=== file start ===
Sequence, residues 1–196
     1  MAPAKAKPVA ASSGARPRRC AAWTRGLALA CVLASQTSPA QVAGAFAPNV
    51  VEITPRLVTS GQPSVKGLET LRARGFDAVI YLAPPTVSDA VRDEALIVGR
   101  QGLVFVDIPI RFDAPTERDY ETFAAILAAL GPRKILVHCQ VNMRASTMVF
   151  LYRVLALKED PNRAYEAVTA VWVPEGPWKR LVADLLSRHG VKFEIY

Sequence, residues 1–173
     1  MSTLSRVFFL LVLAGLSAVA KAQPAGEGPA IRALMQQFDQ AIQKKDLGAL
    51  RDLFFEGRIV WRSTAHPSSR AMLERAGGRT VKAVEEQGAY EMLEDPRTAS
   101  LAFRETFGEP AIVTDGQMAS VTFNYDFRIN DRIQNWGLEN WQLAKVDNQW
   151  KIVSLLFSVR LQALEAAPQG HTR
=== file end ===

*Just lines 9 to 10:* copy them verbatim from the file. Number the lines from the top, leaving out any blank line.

   101  LAFRETFGEP AIVTDGQMAS VTFNYDFRIN DRIQNWGLEN WQLAKVDNQW
   151  KIVSLLFSVR LQALEAAPQG HTR